So many people have loved your music, how do you maintain such a strong connection to your spirituality and your humility?
To be honest, I’m uncomfortable with “glory and glamour” and try to deflate that at almost every opportunity I get. I think as an artist if I lose the sense of realness and a living connection with people who listen to my work, it will eventually affect the authenticity of what I do and how people will connect with it. This ultimately works against my intention of connecting hearts to The Prophet (ﷺ).
This is what I have learnt from my teachers about humility: Humility is not a function of denying the blessings one has been endowed with, and it does not mean that one chase obscurity when “struck” with fame. Humility is in recognizing that God is the source of any “ability”, assigning any praise and appreciation to Him, and being grateful for being the means for a small manifestation of His beauty.
I try as much as possible to stay faithful to my own path, and reminding myself of these lessons as often as possible. It isn’t easy, but Zikr helps.
Poverty, Food security and Homelessness seem to be key causes that you stand up for, why are these causes important to you?
My own experience with homelessness (I experienced it for a short period of time, while holding down a full-time corporate job in Dubai) goes a long way in fuelling my support for these causes. But I think there are two primary reasons why I gravitate more towards these causes:
Firstly, according to the injunctions of the Beloved of The Merciful (ﷺ), feeding people, quenching their thirst, and helping shelter them is a weighty thing with Allah. Doing this out of sincere concern for the wellbeing of the needy, is a reflection of the sincere concern that The Prophet (ﷺ) has for them.
Secondly, we’re living in times where our young ones are sincerely seeking to connect with our spiritual tradition in a manner that’s relevant to the realities where Allah has placed them. Service to others and sincere concern for their wellbeing is one of the most effective means of exemplifying the Prophetic character (ﷺ) and the merciful path of Ar-Rahman.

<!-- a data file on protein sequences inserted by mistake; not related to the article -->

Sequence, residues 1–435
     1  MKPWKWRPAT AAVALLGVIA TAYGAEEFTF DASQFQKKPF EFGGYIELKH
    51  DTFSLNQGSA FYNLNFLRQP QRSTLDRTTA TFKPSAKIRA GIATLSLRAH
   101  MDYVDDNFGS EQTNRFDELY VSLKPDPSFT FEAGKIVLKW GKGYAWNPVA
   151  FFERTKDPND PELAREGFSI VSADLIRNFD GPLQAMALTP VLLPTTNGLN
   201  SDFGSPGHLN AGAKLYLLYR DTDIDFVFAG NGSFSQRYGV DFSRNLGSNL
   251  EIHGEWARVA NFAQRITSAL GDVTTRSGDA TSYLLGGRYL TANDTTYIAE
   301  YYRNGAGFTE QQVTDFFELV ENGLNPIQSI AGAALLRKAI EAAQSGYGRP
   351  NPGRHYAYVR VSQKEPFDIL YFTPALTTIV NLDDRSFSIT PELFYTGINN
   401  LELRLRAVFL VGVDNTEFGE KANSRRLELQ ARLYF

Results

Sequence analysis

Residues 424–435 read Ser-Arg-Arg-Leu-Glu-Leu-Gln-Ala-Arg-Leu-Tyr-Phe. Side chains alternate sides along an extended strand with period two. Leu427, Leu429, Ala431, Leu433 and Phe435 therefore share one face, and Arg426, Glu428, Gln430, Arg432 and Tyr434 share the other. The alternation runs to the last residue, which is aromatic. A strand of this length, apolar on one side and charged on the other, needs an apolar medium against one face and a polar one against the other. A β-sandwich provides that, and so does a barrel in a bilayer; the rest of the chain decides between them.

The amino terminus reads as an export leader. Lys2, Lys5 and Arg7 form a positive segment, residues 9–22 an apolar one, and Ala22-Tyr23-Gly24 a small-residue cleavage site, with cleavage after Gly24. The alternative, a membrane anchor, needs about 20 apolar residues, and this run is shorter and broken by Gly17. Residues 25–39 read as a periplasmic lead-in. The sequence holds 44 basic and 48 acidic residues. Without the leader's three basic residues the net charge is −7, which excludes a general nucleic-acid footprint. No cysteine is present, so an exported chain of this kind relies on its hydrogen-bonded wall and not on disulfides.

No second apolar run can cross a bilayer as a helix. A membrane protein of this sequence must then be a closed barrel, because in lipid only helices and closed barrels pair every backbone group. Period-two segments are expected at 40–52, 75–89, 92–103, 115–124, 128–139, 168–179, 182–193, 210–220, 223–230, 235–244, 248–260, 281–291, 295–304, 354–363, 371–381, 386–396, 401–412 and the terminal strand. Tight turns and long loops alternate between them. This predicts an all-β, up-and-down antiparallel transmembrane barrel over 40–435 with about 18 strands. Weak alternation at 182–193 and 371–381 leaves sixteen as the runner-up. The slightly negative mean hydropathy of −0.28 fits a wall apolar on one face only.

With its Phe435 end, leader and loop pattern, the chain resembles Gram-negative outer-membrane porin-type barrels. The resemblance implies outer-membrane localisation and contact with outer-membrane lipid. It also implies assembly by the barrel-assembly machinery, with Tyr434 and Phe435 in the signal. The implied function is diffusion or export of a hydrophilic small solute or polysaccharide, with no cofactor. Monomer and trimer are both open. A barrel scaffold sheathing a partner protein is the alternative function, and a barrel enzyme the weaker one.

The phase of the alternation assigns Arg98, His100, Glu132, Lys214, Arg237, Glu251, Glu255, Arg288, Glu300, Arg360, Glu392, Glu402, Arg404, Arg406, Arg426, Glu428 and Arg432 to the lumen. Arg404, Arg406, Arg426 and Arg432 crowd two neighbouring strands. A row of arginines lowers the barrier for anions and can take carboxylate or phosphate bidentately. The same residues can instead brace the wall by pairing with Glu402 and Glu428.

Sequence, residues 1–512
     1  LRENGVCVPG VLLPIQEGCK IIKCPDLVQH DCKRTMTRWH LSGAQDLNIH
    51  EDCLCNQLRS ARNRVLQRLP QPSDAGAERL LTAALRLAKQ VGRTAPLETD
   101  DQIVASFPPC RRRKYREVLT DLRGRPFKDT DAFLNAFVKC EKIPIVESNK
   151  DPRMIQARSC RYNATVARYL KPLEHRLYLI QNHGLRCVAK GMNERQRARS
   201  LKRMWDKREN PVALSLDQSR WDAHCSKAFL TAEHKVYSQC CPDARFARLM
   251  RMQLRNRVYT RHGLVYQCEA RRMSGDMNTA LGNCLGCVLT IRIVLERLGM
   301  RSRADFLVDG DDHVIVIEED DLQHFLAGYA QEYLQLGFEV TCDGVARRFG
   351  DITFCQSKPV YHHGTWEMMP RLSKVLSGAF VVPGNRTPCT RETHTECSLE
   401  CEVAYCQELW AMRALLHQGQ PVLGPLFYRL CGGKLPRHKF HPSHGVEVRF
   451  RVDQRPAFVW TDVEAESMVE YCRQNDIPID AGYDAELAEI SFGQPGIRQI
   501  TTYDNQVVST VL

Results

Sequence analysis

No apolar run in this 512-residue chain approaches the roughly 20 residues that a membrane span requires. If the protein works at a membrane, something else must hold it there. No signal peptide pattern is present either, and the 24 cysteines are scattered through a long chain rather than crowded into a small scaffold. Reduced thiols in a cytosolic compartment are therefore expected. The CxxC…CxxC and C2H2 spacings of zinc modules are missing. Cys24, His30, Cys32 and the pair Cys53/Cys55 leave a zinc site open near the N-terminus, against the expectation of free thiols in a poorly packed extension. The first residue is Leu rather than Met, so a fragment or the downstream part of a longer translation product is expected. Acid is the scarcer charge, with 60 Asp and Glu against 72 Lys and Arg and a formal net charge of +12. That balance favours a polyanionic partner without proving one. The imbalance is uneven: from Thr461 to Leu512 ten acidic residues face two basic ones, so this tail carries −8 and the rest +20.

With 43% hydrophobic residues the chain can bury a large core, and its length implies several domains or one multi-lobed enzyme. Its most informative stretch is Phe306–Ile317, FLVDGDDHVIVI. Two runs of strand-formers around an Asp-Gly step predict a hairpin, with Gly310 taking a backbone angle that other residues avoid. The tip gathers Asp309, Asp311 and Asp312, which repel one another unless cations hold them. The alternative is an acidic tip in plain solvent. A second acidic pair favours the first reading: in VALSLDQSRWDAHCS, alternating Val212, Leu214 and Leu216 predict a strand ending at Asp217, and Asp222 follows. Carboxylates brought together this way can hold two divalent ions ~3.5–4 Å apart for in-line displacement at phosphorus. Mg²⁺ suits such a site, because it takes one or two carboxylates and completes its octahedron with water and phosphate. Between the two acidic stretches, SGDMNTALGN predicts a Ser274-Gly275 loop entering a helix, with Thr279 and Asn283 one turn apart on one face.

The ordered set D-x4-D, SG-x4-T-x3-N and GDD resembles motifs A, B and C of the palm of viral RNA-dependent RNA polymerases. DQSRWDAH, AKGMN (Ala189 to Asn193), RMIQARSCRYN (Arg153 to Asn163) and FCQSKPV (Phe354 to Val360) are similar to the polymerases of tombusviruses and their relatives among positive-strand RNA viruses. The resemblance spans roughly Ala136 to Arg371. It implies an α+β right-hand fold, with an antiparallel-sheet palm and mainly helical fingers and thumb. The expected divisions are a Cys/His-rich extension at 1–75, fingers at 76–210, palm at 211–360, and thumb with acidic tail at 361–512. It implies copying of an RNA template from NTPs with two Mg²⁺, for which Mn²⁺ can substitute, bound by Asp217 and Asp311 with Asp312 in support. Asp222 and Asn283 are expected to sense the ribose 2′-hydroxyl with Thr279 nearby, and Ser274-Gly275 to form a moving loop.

What advice do you have for young people interested in music, arts and spirituality.
I’m in the process of writing something that covers this subject in more detail, but I’ll leave a few bullet points here for your readers:
- Study the masters of your chosen (and any related) devotional art form(s), regardless of their faith. If we don’t study how the masters have expressed themselves, we have no standard to measure ourselves against, or to approximate towards. Apprenticeship is a great way of doing this effectively.
- Don’t seek fame or obscurity. Seek God, and respond to the fame or obscurity He sends your way with gratitude.
- Seek technical excellence in your field.
- Seek out and actively travel your own spiritual path through your art form.
- Understand your strengths and play to them as you develop new skills.
- Consult with others who are better than you, bounce ideas off of them and listen to their feedback without getting defensive.
- Draw from other cultures and traditions, but keep your work relevant and authentic to your own social and cultural context.
I learnt two important lessons about devotional singing from the recent assassination of the Pakistani devotional singer Ustad Amjad Sabri. Your readers may translate them as appropriate for their own chosen art form:
- Sing songs that you want to die on.
- Sing them as if you may never live to sing again.
Where do you see yourself in 10 years?
It’s difficult to say anything with surety about what is to happen in the next 10 minutes, so 10 years is all the more difficult. What I hope to accomplish by then, would include releasing at least three more albums, each of which are connected to various charitable or social justice causes. I also hope to have a positive influence on the artists of tomorrow, and open doors for them that I had to figure out for myself.